Crack free ZnO thick film on sapphire substrate without GaN template grown by MVPE

1. Introduction
As a wide-bandgap semiconductor, ZnO has unique potentialities in the fields of optoelectronics, spintronics or nanostructures. In addition, the small lattice-mismatch between ZnO and GaN motivates workers to study growth of GaN on ZnO bulk or film substrate. Nowadays, several vendors can offer ZnO substrates of polar face, non-polar face as well as semi-polar face, grown by hydrothermal or melt growth methods. However, the price of ZnO bulk substrate is still high. By comparison, heteroepitaxy growth is still an alternative way to fabricate wide bandgap material-based devices. Earlier, we described a method to grow thick ZnO film of 10 μm by metal vapor phase epitaxy (MVPE) . The advantage is that MVPE is a kind of epitaxy growth method with growth rate as high as 120 μm/h. Therefore, it is easy to make large size of ZnO bulk substrate with low cost and high efficiency, considering the ready availability of sapphire substrate with large diameter (in the range of 50–200 mm). However, crack is a crucial problem for thick film growth. Cracks appear when ZnO film is a little thicker than 10 μm, not to mention the fact that the thickness of a free-standing substrate is required to be larger than 100 μm.
Although research has been extended to investigate the stress in fine structures such as quantum wells, there is still meaning to inquire into the problems caused by stress in large lattice-mismatch system, such as ZnO films grown on sapphire substrates. Unlike thin films (with thickness less than 10 μm), thick films form cracks motivated by the large residual tensile stress, composed by tensile growth stress, thermal mismatch stress and lattice mismatch stress. We found that ZnO films, grown on sapphire substrates with GaN templates, can be either tensile or compressive. A simple way to investigate the residual stress in film is to divide it into two groups, one thermal stress and another non-thermal stress, including lattice mismatch stress and growth stress. In this letter, the value of non-thermal stress was deduced from the crack density in ZnO film, while the data of the thermal stress was evaluated. Annealing was used to decrease the non-thermal stress. And annealed ZnO films were used as pseudo-substrates to grow crack-free ZnO films.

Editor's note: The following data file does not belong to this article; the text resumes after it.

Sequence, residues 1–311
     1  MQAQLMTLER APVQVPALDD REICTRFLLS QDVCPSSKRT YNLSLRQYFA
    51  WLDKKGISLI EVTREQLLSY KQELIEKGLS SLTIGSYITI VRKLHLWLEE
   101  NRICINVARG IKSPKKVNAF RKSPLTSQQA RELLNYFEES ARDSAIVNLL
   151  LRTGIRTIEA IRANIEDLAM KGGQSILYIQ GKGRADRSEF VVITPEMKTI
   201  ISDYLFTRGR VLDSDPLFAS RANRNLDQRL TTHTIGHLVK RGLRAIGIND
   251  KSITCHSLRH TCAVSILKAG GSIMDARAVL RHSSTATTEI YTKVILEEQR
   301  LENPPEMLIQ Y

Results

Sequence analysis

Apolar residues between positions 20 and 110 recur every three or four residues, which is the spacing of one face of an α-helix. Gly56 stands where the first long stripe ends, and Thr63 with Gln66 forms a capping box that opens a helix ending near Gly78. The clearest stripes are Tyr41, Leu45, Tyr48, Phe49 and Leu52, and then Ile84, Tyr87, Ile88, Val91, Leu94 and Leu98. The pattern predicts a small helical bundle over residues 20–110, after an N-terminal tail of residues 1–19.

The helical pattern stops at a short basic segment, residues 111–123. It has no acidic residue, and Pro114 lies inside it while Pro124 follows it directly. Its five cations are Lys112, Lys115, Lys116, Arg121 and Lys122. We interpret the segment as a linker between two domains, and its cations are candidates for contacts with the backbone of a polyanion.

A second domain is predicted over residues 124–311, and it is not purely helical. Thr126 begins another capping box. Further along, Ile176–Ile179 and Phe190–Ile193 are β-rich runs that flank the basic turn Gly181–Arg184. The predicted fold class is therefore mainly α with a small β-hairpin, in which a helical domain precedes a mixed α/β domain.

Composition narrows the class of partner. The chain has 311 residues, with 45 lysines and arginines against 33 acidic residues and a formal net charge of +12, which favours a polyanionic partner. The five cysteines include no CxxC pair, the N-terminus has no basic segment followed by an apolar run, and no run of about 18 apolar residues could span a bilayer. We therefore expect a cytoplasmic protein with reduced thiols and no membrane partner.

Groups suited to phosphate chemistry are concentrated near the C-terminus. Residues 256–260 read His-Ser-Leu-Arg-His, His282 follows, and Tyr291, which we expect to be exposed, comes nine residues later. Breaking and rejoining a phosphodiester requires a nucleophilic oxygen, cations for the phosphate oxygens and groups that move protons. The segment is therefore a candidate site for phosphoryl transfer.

2. Experiment
In our experiment, ZnO samples were grown on c-plane Rubicon® sapphire substrates by a home-made MVPE. Zinc vapor and water vapor were used as Zn and O sources, respectively. Nitrogen was used as the carrier gas at a flow rate of 6 L/min. Other growth parameters like total reactor flow (9.4 L/min), Zn carrier gas flow (0.4 L/min) and H2O carrier gas flow (3 L/min) were kept identical to allow a direct comparison. The growth temperature is 1073 K. All the as-grown ZnO samples studied were grown using a two-step growth method. In the first step, a layer of ZnO film of about 2 μm is deposited on sapphire directly, and then etched off by HNO3 dilution. It is found that there are residual Al2ZnO4 crystal nuclei or Al2ZnO4 buffer layer left on the etched sapphire substrate. The second step is to grow another layer of ZnO film at almost the same conditions. The goal of the two-step growth method is to obtain a stable high quality Zn-polar ZnO film on sapphire substrate. Normally polycrystalline or mixed polar ZnO films were obtained after the first growth, while only Zn-polar ZnO films after the second growth. Two ZnO films were grown by MVPE. One film with cracks has a thickness of 15 μm, labeled as sample A. The other film without cracks has a thickness of 12 μm, labeled as sample B. Sample A was used to evaluate the values of the non-thermal stress and the thermal stress. Sample B was used as a pseudo-substrate to re-grow ZnO films. Fig. 1 is the schematic drawing showing the growth of sample A and B, the annealing of sample B, and the re-growth of ZnO films on annealed sample B. The morphologies of the ZnO samples were observed by Hitachi S-4800 scanning electron microscope (SEM) and Digital optical microscopy. The residual stress was evaluated through the curvatures of the ZnO samples using the Dektak-8 surface profiler of Veeco.

Fig. 1. A schematic drawing of the growth of sample A and B, the annealing of sample B, and the re-growth of ZnO films on annealed sample B.

3. Results and discussions